Getting around the Solomon Islands is accomplished by a combination of plane, boat and car or a combination of these. Flying into Gizo is a prime example. When you have your bag don’t go looking for a taxi rank. Rather you’ll be led a very short distance down to a dock and taken to your destination by boat. As the airport recedes you’ll see that you landed on a small islet completely taken up with the airstrip, terminal and dock.
Our destination was nearby Sanbis Resort on tiny Mbabanga Island. The general atmosphere throughout the Solomons is one of island relaxation and that certainly extends to the resorts. Sanbis’ only access is by boat and the rooms are rustic huts along the shoreline. The restaurant serves some of the best meals in the Solomons and the bar at the end of the jetty supplies ice-cold Sol Brews. A word of praise must be extended to Sol Brew. The tropical heat of the Solomons is the ideal climate for a cool beer at the end of the day. Fortunately, the local and ubiquitous Sol Brew is perfect for the occasion.
Our first day in the Solomon Islands was the perfect introduction. The islands have yet to develop the veneer of tourist sophistication where culture is confined to “island nights” complete with coconut shell bras. Here the island culture is omnipresent and real so you can immerse yourself in it. From Gizo – or Sanbis – it’s a pleasant boat ride to visit a traditional Solomon Islands village: the Boeboe Community on Kohinggo Island where we were made to feel very welcome. On the way, we passed Kennedy Island and on the way back we snorkelled in Ferguson Passage.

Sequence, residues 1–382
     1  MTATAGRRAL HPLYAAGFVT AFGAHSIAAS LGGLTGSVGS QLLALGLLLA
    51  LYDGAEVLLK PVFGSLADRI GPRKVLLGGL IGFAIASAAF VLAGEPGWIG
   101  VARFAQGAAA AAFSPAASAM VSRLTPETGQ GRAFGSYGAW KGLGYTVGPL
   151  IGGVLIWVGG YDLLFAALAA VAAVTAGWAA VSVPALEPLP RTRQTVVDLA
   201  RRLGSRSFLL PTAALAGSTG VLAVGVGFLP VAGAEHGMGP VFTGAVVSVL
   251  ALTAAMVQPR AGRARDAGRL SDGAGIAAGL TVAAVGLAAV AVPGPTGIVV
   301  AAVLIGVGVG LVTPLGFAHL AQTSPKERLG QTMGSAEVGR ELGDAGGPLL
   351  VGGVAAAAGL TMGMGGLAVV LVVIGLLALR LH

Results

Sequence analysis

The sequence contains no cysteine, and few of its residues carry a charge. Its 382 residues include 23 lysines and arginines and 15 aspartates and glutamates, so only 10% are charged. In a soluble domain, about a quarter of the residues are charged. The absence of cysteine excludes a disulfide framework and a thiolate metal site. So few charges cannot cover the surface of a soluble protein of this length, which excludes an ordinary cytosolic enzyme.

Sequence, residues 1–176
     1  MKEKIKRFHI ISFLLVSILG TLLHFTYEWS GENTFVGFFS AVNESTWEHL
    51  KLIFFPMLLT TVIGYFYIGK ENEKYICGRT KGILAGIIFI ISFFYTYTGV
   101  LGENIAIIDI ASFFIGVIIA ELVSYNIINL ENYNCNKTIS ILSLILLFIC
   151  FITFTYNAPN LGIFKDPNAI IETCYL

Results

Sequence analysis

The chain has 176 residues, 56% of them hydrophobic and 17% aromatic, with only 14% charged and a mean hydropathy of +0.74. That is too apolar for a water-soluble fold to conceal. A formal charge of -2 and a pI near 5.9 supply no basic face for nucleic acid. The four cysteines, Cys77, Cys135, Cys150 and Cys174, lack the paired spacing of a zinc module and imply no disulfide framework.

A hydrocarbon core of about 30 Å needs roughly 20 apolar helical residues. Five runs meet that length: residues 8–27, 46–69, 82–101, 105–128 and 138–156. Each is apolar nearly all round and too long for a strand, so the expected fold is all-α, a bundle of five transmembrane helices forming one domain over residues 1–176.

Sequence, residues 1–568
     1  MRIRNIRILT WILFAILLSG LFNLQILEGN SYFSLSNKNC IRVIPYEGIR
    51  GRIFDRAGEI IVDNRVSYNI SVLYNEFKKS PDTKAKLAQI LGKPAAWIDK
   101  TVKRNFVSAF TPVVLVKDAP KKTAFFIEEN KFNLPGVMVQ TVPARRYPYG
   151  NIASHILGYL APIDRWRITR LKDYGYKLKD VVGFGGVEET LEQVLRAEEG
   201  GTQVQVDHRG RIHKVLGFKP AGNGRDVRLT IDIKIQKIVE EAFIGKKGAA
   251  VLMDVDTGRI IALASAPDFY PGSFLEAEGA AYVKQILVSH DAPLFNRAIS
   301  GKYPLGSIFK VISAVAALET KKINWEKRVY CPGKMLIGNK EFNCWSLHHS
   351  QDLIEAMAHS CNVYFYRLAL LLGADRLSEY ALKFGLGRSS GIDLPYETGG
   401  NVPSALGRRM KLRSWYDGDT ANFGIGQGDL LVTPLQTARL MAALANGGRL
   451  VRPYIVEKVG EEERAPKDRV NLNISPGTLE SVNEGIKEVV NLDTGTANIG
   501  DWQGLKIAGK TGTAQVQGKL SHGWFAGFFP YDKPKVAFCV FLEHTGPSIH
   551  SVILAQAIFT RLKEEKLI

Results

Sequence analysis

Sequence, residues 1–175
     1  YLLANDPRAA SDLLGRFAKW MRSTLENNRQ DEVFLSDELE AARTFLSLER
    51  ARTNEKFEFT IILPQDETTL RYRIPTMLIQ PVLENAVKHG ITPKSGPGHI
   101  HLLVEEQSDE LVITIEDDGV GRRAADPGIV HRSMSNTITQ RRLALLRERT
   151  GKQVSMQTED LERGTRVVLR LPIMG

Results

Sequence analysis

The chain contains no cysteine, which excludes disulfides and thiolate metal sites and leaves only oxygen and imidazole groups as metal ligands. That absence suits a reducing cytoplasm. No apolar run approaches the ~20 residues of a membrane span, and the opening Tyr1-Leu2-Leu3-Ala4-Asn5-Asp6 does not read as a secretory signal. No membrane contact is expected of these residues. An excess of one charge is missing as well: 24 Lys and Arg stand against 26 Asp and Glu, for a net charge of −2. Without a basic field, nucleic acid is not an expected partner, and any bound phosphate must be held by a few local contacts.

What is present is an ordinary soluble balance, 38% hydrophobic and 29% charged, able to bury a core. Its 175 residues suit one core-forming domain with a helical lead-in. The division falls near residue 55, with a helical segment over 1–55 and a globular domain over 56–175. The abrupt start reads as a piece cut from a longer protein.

Two related joys of the Solomons are the wealth of underwater life and the remarkable clarity of the water. So not only is the water visibility very good for snorkelling and diving but there’s also excellent diversity of marine life, with healthy reefs and lots of fish. Add wrecks and rays and you need to pack your swimmers and snorkel and go. Fortunately Solomon Airlines has a generous 30kg baggage allowance. However, despite these attractions, it’s still not flooded with tourists. The most recent figures show that tourism to the Solomons was up 15 per cent in April (year on year) and almost half of those visitors were Australian. But that still only amounted to 1750 visitors for the month.
The island of Malaita should be high on the list for any visitor. But it isn’t at present because a land dispute has suspended flights from Honiara to the island. So it takes some effort to get there: you need to take a fast ferry (an ex-Australian Fantasea catamaran) for the voyage of several hours to Auki on Malaita. There are hotels here but I’d suggest arranging to be picked up by small boat and taken 40 minutes across Langalanga Lagoon to Busu Cultural Village. There’s a homestay here, clean yet basic and certainly offering complete immersion in local village life.